Fyre: The Greatest Party That Never Happened

Movie review by
Renee Schonfeld, Common Sense Media
Fyre: The Greatest Party That Never Happened Movie Poster Image
Mature doc about outrageous scam is funny, sad, instructive.
  • NR
  • 2019
  • 97 minutes

Parents say

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Kids say

age 13+
Based on 3 reviews

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A lot or a little?

The parents' guide to what's in this movie.

Positive Messages

Protect yourself against scam artists, false advertising, lure of internet marketing. Even smart, honest people can be fooled by skilled and/or delusional con artists, so beware. 

Positive Role Models & Representations

Many people involved, though duped themselves, were remorseful about their role in the fraud; some attempted to make amends. True culprit was amoral/100% free of conscience and launched a new "con" while awaiting trial.


Frank conversation about oral sex. Models in bikinis are extensively photographed as part of the scam operation.


Very frequent profanity, including "s--t," "hell," pissed," and countless uses of "f--k."


Fiji water.

Drinking, Drugs & Smoking

Frequent drinking; some drunkenness. Cigar smoking.

What parents need to know

Parents need to  know that Fyre: The Greatest Party That Never Happened is a documentary that details the events leading to the Fyre Festival, a 2017 music event that was over-hyped, sold out ... and a complete fraud. Thousands of wealthy young people traveled to an island in the Bahamas for a weekend that was heavily marketed as a "luxury" trip of partying and music, only to find that it was a gigantic disaster perpetrated by a corrupt "entrepreneur" with a big smile and an endless supply of audacity. Expect multiple scenes and videos showing models (and some celebrities) in revealing bikinis. Profanity is frequent, including "s--t," "hell," and countless uses of "f--k." There's one frank conversation about oral sex, and people drink frequently (sometimes to excess) and smoke cigars.

User Reviews

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Teen, 14 years old Written byxvyrr April 3, 2021

Great documentary on how crazy the festival really was

This documentary is great, and shows how greed and power could turn bad. It puts yourself in the shoes of the people who were trying to figure out how to make t... Continue reading
Teen, 13 years old Written byCrystalCupcake434 January 19, 2021

Good Documentry

This movie (documentry) is really good but has alot of cussing in it such as the f word but other than the cussing i would say it is a excellent repersentaiton... Continue reading

What's the story?

In FYRE: THE GREATEAT PARTY THAT NEVER HAPPENED, it's 2016, and entrepreneur-on-the-rise Billy McFarland has secured the partnership of rap star Ja Rule in his efforts to create an app that will be the ultimate booking service: a one-stop site to schedule big stars for every occasion. To launch the app, McFarland envisions the biggest, most luxurious music festival of all time. To promote the Fyre Festival, he brings a dozen of the world's most famous models to the Bahamas to film a video of beauty, partying, and luxury that will go viral. He makes deals with celebrities to lend their names to "influence" his wealthy, would-be attendees. He promises luxury accommodations, first-tier entertainment, first-class food, and unending fun. Within 48 hours of the beginning of the social media hype, the event is 95% sold out -- with some packages topping $250,000. There's just one problem: It's not going to happen. What follows is a series of small calamities as a site is secured and plans are futilely attempted. Each daily disaster will ultimately culminate in the event itself, which is a failure of massive proportions. Throughout the film, director Chris Smith interviews the mostly sincere folks who tried to deliver what McFarland had promised. For each of them, including unpaid Bahamian workers, it was a financial fiasco and a commitment unfulfilled.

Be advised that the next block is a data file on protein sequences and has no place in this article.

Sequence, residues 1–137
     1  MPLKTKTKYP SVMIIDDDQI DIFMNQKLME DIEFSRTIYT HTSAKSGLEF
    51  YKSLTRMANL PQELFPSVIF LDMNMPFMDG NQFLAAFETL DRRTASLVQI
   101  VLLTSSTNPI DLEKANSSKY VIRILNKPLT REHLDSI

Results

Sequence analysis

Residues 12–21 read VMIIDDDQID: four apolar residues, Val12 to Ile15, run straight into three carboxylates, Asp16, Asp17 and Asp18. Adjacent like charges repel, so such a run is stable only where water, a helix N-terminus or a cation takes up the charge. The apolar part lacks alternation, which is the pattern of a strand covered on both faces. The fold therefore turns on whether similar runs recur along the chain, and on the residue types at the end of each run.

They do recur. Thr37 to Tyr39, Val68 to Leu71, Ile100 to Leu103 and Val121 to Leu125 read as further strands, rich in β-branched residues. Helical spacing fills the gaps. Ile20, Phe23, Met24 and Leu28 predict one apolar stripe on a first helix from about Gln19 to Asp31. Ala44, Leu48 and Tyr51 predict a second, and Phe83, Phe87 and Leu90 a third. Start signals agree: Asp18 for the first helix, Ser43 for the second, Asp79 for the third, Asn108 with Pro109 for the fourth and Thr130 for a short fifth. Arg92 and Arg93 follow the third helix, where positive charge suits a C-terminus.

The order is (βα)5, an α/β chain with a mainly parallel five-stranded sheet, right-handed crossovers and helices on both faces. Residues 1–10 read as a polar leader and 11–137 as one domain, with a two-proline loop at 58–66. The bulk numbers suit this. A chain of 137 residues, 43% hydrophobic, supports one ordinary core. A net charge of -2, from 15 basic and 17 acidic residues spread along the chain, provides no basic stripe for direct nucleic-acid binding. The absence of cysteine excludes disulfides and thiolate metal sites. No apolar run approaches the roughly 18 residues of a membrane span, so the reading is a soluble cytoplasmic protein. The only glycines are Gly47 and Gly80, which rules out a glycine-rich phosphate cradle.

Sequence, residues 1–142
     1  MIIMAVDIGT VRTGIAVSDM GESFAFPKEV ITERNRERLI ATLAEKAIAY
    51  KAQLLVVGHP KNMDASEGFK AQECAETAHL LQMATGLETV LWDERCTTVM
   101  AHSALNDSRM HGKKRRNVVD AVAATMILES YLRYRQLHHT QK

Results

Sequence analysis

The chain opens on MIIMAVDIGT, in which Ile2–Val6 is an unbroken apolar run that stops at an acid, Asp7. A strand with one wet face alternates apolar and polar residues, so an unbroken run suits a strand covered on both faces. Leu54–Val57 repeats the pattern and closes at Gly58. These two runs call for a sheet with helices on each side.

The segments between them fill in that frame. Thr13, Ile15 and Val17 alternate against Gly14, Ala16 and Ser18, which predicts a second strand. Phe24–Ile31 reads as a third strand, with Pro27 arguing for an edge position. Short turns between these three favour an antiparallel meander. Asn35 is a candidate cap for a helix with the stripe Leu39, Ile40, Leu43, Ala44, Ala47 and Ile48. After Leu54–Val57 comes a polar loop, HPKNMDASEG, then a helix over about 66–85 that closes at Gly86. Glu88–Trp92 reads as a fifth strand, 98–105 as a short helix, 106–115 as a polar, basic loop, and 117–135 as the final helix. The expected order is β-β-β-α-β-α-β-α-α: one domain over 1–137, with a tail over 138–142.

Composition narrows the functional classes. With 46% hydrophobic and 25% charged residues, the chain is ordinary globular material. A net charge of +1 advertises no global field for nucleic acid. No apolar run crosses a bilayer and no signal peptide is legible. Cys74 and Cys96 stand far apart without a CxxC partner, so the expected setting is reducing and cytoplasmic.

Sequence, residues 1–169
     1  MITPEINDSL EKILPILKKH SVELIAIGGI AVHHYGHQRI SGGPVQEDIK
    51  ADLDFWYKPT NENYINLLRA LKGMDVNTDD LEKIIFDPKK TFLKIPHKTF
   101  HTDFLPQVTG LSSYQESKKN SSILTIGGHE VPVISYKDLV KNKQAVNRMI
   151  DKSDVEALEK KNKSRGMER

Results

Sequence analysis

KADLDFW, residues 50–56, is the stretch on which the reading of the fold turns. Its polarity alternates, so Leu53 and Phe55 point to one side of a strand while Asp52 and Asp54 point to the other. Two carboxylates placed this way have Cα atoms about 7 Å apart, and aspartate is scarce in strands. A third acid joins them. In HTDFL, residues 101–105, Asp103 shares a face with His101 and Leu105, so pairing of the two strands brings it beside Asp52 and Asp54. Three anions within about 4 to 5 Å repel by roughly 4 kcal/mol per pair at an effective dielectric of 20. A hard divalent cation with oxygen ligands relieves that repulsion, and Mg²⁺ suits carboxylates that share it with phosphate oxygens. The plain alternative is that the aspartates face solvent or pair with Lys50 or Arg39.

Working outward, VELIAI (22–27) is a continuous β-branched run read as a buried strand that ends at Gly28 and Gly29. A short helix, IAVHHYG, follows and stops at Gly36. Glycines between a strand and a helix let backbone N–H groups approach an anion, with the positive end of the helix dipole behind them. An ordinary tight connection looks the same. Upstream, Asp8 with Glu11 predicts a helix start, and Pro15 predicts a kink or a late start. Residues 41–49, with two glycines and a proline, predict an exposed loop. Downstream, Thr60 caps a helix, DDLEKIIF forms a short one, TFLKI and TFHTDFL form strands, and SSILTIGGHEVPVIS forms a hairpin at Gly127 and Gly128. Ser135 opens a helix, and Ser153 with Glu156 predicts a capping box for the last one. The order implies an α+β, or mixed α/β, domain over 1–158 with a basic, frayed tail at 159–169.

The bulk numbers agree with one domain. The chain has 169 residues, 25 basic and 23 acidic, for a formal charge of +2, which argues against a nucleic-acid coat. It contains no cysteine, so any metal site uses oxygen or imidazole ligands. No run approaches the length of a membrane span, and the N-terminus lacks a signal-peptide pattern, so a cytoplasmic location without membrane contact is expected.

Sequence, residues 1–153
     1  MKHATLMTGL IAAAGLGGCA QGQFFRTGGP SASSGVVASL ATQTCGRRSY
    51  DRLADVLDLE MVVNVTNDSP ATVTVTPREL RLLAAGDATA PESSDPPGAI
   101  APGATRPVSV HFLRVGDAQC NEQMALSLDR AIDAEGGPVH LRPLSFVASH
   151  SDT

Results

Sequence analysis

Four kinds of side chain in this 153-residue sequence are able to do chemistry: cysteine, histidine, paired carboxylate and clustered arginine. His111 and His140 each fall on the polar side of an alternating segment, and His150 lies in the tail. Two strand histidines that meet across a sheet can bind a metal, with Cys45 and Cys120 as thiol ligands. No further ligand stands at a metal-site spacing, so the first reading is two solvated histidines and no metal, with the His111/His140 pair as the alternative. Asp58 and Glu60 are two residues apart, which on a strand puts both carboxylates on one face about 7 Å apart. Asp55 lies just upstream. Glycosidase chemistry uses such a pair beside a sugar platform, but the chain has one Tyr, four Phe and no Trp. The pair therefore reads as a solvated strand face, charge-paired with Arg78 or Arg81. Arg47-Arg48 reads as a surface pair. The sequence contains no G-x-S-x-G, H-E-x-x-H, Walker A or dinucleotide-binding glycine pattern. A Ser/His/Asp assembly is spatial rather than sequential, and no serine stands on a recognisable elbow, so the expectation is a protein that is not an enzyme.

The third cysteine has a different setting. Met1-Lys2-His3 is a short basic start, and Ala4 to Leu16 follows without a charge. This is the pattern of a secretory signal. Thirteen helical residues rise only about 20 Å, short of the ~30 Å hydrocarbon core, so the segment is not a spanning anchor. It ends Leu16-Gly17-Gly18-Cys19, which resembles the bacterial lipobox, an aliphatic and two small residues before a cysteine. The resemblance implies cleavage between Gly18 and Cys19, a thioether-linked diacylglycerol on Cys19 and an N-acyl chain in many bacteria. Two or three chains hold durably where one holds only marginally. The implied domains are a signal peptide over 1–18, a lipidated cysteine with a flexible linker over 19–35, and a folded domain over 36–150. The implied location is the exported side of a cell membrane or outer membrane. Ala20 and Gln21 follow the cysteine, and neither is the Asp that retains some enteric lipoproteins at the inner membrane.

Is it any good?

Smith and his crew successfully capture the often hilarious, often shocking, and sometimes sad outcomes associated with this mega-disaster of a non-event. Smith's interviews in Fyre: The Greatest Party That  Never Happened are compelling, insightful, and rigorous. In particular, staff members Andy Hill and Marc Weinstein offer unexpectedly open, personal recollections. It all happened recently, and it's more powerful for that immediacy. Viewers who may laugh loud and long at the "trials and tribulations" of the very rich people who were the marks of such an outrageous con man will certainly feel the poignancy of the many who were swindled out of time and money. And the outcomes for the idealistic, high-achieving staffers in New York City who worked diligently for more than a year on a website that had promise are particularly touching. As for McFarland? Who could imagine a delusional narcissist of such humongous nerve could fool so many?  

Talk to your kids about ...

  • Families can talk about the intentions of documentary filmmaking: to inform, to entertain, to inspire, or to persuade. Which category (or categories) does Fyre: The Greatest Party That Never Happened fit into? What's your takeaway from the movie? 

  • Do you think social media/the internet should bear significant responsibility for the disaster? How was McFarland's scam made possible by free hype and advertising he was able to use? Were you aware of the term "influencer"? Why is it important to be aware of paid influencers' participation on social media?

  • Who is adversely affected by the misbehavior of Billy McFarland? Where do filmmaker Chris Smith's sympathies lie? 

  • What is meant by the term "a cautionary tale"? In what way(s) is this movie a cautionary tale? Think about how awareness and common sense can protect you from such scams.

Movie details

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